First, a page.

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What are some ways to say that the first one who does something bad is the "biggest sinner" as the other ones just followed along and thereby their action is not as bad? Examples:

  • The one who throws the first piece of trash in the nature
  • In a mass-fight: The one who throws the first punch
  • the first to drop a bomb which then starts the war

...And so on?

  • I don't think the biblical quote about the "first stone" suggests that they're the biggest sinner. – Barmar Feb 2 '15 at 19:05
  • You're right. Edited. – Dencker Feb 2 '15 at 19:06
  • It's a good question. Do you know of a saying in another language? I'm just curious: How would it translate directly? – Jim Reynolds Feb 2 '15 at 19:08
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    Well, my mother always told me that "The one who throws the first piece of trash is the most dirty pig" (a quite direct translation from danish), literally referring to throwing trash in nature, so I grew up with sticking the trash in my pocket until I came by a trashcan. So I figured that there might be some generic way to describe such a situation. – Dencker Feb 2 '15 at 19:17
  • I would disagree with this. I think that the first person to "sin" would be the least-biggest sinner, since it's more likely that they were unaware of the consequences of their actions - uneducated about what may happen if they do whatever it is they did. Other people, the followers, likely saw what happened after the first ones sinned - they likely realised that if you do this, then it's not good because this will happen. But then they choose to sin anyway. – RǢF Feb 3 '15 at 13:01
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I can't think of a saying. In fact, there is an American (Western?) idea that each individual is responsible for their own behavior. If someone tries to reduce their culpability with "Susan did it first!", a common reply is "If Susan jumped off a bridge, would you do it, too?"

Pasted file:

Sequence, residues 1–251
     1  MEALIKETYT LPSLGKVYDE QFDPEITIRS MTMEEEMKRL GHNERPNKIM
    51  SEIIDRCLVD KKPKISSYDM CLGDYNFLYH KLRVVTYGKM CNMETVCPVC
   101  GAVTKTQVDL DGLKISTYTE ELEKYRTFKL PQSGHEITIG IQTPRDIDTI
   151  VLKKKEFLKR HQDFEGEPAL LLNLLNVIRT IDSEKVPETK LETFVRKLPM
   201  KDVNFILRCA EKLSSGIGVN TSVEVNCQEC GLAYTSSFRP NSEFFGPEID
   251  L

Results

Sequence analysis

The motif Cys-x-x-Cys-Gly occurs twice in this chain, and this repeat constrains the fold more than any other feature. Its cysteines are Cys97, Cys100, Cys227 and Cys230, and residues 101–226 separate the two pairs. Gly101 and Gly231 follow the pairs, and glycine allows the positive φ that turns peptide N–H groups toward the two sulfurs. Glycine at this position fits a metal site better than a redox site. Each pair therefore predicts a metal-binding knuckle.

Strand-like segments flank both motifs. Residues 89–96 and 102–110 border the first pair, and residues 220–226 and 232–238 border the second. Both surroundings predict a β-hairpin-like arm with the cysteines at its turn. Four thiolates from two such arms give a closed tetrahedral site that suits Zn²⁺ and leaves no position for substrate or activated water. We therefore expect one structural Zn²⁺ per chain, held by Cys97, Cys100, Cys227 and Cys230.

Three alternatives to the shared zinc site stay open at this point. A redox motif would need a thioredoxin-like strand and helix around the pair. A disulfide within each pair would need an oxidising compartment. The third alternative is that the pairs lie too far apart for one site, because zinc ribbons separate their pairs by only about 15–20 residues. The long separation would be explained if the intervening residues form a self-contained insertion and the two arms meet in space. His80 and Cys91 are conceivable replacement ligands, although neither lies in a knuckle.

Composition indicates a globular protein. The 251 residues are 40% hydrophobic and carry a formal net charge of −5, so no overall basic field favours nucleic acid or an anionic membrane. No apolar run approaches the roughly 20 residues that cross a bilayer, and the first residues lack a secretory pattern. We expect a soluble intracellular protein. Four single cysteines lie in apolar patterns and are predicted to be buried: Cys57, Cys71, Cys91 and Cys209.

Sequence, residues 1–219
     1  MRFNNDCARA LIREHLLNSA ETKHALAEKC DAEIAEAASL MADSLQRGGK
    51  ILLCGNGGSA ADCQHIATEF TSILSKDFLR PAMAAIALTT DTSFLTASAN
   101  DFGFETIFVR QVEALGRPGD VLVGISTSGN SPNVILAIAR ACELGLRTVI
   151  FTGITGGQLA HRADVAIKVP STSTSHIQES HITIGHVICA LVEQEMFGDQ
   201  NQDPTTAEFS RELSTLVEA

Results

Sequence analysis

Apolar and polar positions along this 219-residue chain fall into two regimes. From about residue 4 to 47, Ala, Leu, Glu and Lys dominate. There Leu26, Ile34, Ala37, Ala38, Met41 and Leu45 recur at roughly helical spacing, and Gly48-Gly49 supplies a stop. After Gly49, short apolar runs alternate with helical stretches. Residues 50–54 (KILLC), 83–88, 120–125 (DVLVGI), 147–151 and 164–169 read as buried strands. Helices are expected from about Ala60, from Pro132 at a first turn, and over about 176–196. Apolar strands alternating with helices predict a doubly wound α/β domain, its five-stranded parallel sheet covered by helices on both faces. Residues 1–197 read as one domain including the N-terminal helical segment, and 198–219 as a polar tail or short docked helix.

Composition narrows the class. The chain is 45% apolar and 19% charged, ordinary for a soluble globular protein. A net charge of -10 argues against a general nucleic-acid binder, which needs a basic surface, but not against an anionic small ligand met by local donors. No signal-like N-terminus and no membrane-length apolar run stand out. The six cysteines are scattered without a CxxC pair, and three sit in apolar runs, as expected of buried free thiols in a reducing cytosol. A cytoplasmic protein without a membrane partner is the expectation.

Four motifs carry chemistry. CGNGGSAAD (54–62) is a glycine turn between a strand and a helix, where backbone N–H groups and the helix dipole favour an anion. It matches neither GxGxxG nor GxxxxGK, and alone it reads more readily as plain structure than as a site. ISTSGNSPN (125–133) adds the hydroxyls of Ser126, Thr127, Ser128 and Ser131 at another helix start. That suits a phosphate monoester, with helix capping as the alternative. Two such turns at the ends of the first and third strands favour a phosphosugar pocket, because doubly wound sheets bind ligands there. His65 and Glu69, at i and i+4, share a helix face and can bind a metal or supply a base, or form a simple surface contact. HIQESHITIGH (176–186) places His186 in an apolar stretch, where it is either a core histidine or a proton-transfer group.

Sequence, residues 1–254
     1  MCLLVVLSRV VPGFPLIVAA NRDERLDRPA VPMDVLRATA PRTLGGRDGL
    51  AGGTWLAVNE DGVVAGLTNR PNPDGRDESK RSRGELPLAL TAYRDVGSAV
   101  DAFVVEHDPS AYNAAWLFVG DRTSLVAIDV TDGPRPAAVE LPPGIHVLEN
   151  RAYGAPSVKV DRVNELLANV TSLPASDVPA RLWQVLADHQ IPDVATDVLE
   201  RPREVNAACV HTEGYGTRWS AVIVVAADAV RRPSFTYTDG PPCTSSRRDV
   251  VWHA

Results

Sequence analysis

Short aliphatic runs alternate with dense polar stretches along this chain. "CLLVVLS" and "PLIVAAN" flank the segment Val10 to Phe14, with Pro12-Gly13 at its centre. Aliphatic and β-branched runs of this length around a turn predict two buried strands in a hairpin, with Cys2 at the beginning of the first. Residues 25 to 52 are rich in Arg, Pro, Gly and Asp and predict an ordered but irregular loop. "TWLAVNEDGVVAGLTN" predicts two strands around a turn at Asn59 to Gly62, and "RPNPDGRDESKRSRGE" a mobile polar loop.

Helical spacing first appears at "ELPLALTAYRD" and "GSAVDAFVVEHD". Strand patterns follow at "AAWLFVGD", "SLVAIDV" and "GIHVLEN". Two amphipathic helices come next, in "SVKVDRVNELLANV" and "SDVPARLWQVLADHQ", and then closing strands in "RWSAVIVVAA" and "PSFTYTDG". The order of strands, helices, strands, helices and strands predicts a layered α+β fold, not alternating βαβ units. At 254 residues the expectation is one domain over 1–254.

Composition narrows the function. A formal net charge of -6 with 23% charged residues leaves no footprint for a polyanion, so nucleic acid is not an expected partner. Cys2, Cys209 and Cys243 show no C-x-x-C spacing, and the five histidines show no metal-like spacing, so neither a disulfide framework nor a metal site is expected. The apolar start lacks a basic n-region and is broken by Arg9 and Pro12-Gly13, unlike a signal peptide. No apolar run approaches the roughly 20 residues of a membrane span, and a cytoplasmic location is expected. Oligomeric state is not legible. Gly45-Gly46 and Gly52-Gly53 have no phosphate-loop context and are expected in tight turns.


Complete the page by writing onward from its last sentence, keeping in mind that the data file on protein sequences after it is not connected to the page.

However, the word instigator often has a negative connotation, and that does sometimes contain the idea that the first person to do something is more blameworthy than followers:

instigate
verb tr.
1. To initiate or bring about, often by inciting: instigate a public discussion of the issue; instigate an uprising.

https://www.ahdictionary.com/word/search.html?q=instigator&submit.x=0&submit.y=0

instigator
noun
a person who causes something to happen, especially something bad: The instigators of the disturbance have not yet been identified.

http://dictionary.cambridge.org/dictionary/british/instigator

Finally, when trying to ameliorate fault or culpability, people might say He/she did it first, etc.

  • It is indeed western, I believe. We have the same cultural idea in Denmark; you're not freed of your actions just because you followed along, but if you're the first one to do it, you're even worse. So if it's worth 100 points badness if you hit someone, it doesnt mean that the next ones doing it only get 80 points badness, rather the first one is worth 120 points.. Quite a weird metaphor, but you get the idea. Instigate must be the word I'm looking for. I'm going to accept your answer as it's more clarifying. – Dencker Feb 2 '15 at 19:28
  • And, of course…. – wchargin Feb 3 '15 at 0:13
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Words that come to mind for me are things like aggressor, instigator, and provoker.